Essentially, this fly has a face full of surgical tools, specifically evolved for this very purpose. As disgusting as they are, these are highly specialised animals who are really very good at what they do. 2

Horse-fly biting

4. They transmit diseases

This is where they become a nuisance, and while horse-flies are known for causing a painful, raised, red bump in people, they’re also responsible for a lot worse.

Horse-fly bites can bring with them dizziness, wheezing, allergic reactions, and sores, and that’s not even the start of it.

Tabanids are responsible for the transmission of numerous blood-borne diseases involving bacteria, viruses, amoebas, and even the infamous eye worm Loa loa; that lovely nematode that burrows into your eyeball. They can even transmit anthrax.

If they don’t fill their host with disease or reactive sicknesses, the flies can still cause significant strain on their systems from blood loss alone. When these flies mass in large numbers, they can cause enough blood loss to kill an animal.

5. They’re classically annoying

Some things transcend cultural and societal, and even evolutional changes over the span of human existence and provide a sort of universal human constant that brings us together as a species.

Phallic symbols have been drawn on bathroom walls since at least Ancient Rome, and the oldest sculptures found were manufactured in a 28,000-year-old cave in Germany. Both of which are good examples of this constant.

Horse-flies are another.

Greek mythology is home to one of the earliest acknowledgements of the annoying nature of a horse-fly. Zeus’ wife sends one to torment his mistress in an Athenian play from around 450 BC, and the mischievous shapeshifter Loki from Norse mythology transforms himself into one to get in the way of a blacksmith he didn’t like.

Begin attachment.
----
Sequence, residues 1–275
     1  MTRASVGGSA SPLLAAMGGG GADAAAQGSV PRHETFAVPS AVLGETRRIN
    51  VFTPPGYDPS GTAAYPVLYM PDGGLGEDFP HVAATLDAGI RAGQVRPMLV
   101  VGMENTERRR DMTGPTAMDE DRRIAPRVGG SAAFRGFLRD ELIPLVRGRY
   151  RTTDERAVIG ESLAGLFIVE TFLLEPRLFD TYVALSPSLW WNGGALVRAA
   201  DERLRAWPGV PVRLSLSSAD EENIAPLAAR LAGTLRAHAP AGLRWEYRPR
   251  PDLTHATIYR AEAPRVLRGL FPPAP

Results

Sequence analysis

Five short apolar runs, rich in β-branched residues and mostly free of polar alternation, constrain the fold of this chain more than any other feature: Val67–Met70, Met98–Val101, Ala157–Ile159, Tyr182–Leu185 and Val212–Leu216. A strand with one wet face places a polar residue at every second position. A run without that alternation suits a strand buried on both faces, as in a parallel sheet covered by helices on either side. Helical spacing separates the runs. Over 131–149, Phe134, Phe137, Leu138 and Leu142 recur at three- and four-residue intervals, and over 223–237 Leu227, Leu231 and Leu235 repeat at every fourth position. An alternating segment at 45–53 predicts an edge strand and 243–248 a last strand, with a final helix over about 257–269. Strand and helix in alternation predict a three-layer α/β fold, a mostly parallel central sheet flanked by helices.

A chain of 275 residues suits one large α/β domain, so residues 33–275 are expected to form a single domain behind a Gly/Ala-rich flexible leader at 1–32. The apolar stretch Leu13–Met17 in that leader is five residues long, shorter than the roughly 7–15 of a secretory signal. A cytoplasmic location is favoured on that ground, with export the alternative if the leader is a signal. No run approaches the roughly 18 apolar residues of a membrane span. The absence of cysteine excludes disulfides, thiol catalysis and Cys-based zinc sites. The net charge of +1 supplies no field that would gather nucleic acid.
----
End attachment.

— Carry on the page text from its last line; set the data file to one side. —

Written language doesn’t extend consistently beyond these times, but it’s safe to assume that horse-flies have been plaguing people since before people became people, and this is one of the things that should unite us as mammals. 3

6. There’s no horse-flies on some islands

If you’re thinking of getting away from horse-flies, then fortunately Anctarctica isn’t the only option.

Reportedly there are also no horse-flies present on some islands, including Greenland, Iceland, and Hawaii where the habitats are not quite right for them to breed.

Horse-fly leaf

7. They’re (possibly) the fastest flying insect in the world

The Hybomitra genus of horse-fly have been observed performing incredible aerial manoeuvres similar to those performed by fighter jets.

A male Hybomitra hinei wrighti horse-fly was measured by by researchers using interpolation of slow-motion cinematography reaching a record speed of 145 kph (90 mph) during a pursuit of a female.

Whether this claim should mean the horse-fly deserves to be included in our fastest flying animals in the world piece, is up for debate.4

8. They’re necessary vectors

Yet, as universally annoying as they are, they’re quite significant to the ecosystem. As much as we hate to admit it, parasites and disease vectors do play a role in a healthy environment.

In the same way, predators help to control populations, parasites and diseases and also contribute to stability in their environments.

Horse-flies, being vectors of so many such horrible conditions, are therefore powerful influences in population dynamics. One of the reasons that human populations are so out of control and destructive to the environment is precisely that we’ve managed to reduce these limiting factors without replacing them with any restraint.

Defining the significance of annoying, biting flies, requires a wider scope of understanding of the ecosystem as a whole, and in achieving that, it’s possible to strive for a more balanced environment in which biodiversity is maintained without the need for disease keeping us in check. Until then, though, removing pests like horse-flies or mosquitos might turn out to be a bit of a monkey’s paw situation. 5

Horse-Fly Fact-File Summary

Scientific Classification

Kingdom: Animalia
Phylum: Arthropoda
Class: Insecta
Order: Diptera
Superfamily: Tabanoidea
Family: Tabanidae

Fact Sources & References

  1. Horse and Deer Fly Larvae“, Missouri Department of Conservation.
  2. Anthony Thomas (2012), “Horse Fly head“, Micscape Magazine.
  3. Gadfly (mythology)“, Wikipedia.
  4. J.H. Byrd (1994), “Chapter 1: Fastest Flyer“, University of Florida.
  5. A. Marm Kilpatrick (2010), “How do climate, evolution, and free-living hosts interact to determine the dynamics of pathogens and the burden of disease?“,